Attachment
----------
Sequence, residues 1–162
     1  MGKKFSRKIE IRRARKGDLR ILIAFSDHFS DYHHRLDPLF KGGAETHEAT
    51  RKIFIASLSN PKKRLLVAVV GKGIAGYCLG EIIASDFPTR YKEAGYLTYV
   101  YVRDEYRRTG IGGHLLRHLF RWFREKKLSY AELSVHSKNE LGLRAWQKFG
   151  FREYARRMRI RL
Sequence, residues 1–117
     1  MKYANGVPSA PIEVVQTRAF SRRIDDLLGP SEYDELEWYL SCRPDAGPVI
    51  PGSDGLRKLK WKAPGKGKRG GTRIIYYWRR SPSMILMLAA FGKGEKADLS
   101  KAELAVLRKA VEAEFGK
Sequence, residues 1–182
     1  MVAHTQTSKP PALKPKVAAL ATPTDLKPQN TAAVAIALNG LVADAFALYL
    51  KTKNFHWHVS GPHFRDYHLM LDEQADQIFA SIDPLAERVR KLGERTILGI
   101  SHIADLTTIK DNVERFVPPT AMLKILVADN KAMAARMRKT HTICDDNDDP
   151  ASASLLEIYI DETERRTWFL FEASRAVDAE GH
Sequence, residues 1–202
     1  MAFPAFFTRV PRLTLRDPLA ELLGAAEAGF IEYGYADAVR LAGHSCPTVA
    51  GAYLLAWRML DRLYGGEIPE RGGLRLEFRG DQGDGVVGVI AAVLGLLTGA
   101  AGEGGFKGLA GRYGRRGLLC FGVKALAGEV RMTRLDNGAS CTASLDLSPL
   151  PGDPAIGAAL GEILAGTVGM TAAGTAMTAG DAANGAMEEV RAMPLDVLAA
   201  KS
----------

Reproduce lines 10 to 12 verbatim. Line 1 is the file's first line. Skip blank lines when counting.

Sequence, residues 1–182
     1  MVAHTQTSKP PALKPKVAAL ATPTDLKPQN TAAVAIALNG LVADAFALYL
    51  KTKNFHWHVS GPHFRDYHLM LDEQADQIFA SIDPLAERVR KLGERTILGI